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126 ]~= Big QUINN 80 70 a 60 o m J tar 40 In ILL o as US ~ 10 30 20 a: MFG. AU SERVICES NON-R~AIL RETAIL FIGURE 6 PIMS indices of concent~on. PlMS 1985 data base, Strategic Planning Institute, Cambridge, Massachusetts. 90r 80 z lo FEZ ~ 50 ILL lo x z 70 60 40 30 20 10 o MPG. At SERVICES NON-R~AIL RETAIL FIGURE 7 PUPS indices of mechanization. Index of mechani7~don calculated as [Gross Book Value of Plant and EquipmentJ/[(Value AddedlNet Sales) x (Net Sales + Change in Inventory/Percent Plant Utilization)]. From PIMS 1985 data base, Strategic PI=Ding Institute, Cadge, Massachusetts.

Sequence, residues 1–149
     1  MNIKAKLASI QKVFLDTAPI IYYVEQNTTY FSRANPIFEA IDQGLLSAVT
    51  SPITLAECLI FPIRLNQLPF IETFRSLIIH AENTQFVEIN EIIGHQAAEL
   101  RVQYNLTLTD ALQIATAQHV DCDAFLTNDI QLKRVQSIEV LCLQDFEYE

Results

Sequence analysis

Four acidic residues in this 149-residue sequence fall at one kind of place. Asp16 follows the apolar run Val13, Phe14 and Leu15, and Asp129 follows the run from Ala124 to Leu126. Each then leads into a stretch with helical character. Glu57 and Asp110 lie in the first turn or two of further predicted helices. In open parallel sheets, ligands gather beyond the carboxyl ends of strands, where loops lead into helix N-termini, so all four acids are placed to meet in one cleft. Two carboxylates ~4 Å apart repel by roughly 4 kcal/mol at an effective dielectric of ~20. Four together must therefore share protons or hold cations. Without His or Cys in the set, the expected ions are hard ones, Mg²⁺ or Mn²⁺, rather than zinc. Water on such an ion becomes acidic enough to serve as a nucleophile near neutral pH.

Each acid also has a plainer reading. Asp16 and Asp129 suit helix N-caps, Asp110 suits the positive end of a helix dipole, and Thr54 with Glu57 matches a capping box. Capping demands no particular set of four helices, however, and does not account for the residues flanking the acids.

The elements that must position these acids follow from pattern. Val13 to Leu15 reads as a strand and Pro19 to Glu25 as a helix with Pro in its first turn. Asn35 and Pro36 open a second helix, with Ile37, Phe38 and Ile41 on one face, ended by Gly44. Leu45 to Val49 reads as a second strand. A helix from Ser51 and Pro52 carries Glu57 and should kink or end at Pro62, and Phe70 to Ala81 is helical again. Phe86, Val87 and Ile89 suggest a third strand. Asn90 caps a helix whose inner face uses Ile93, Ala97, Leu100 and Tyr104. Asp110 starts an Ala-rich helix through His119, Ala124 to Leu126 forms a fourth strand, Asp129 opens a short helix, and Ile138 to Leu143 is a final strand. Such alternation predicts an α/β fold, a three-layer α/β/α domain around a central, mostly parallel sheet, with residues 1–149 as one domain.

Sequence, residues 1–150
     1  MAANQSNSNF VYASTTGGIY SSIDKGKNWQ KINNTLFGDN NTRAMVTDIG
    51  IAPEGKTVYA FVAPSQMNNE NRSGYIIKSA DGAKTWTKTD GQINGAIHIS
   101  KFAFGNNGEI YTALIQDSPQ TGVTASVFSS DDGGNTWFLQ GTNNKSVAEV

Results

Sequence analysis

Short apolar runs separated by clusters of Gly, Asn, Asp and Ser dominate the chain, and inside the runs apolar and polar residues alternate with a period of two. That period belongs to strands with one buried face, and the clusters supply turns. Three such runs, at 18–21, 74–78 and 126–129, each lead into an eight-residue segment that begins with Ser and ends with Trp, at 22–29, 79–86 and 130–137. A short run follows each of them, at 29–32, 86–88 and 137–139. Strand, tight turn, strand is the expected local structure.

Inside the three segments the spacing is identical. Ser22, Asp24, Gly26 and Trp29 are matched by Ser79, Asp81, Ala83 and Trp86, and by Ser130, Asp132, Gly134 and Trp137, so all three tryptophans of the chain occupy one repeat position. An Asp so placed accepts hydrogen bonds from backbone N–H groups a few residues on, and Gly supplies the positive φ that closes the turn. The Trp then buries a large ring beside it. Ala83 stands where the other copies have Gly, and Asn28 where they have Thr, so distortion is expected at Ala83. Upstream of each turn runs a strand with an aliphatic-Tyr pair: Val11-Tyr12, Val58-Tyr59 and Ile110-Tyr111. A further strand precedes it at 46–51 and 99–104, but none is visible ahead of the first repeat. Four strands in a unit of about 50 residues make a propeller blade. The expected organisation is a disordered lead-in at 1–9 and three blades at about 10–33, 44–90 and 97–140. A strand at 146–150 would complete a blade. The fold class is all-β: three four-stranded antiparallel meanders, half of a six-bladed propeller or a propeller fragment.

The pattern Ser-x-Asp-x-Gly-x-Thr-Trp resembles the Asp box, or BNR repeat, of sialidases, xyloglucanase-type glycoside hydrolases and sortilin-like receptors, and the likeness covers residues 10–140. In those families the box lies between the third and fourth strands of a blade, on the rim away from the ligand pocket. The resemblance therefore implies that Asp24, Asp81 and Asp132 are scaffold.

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THE IMPACTS OF TECHNOLOGY Ill THE SERVICES SECTOR TABLE 2 Productivity Increases in Me Services Sector 127 Percent Average Annual improvement 1960-1983 1970-1983 . Telephonelcommu~cations 6.1 6.8 Air ~sportadon 5.8 4.5 Raided (revenue Tic) 5.1 4.8 Gas, elec~icalublides 2.7 1.Oa Commercial fig o.gb Hotels/motels 1.6 0.8 a 198 1 data bl982 "a. SOURCE: Bureau of Labor Stadshcs, Office of Product and Technology. create an ever higher level of per capita income. Part of this fear is We belief that services do not lend themselves to productivity increases through technology infusions. Our analysis suggests Mat the overwhelming pro- portion of productivity increases In both manufacn~nng and services have denved from capital and technological infusions. Between 1975 and 1982 there was a 97 percent Increase in new technology investment per service worker (Office of the U.S. Trade Representative, 1983, p. 24~. Some service industries have undergone significant improvements in productivity over the last two decades. In others, such improvements have not been very impressive (see Table 21. At Me margin, services and manufactunug seem about equally attractive to capital (see Figure 8~. Consequently, one would expect a continuing willingness to invest in services for productivity improvements and com- petinve advantage whenever services can offer adequate returns. Because less attention has been given to automating services than to manufacturing, many oppormnides to improve productivity still exist, and office automa- tion is high on both producers' and users' lists of priondes (Collier, 1983). Services can create real grown in per capita income as long as any of Tree conditions obtain: (1) We product sectors can produce enough output at continuously lower relative costs to release purchasing power for over desired (services) uses, (2) it is possible to increase productivity in existing services, or (3) entrepreneurs can conceive of new services having higher marginal value to buyers Man existing services or products. Widen wide limits, the services economy is a natural outgrowth of productivity increases in Me goods-producing sector. Whereas agriculture once demanded some 70 percent of aB employment in the United States, less Man 4 percent of die work force now produces much more food per capita including 50 percent more of Me major grains Man Me country can eat (see Figure 11.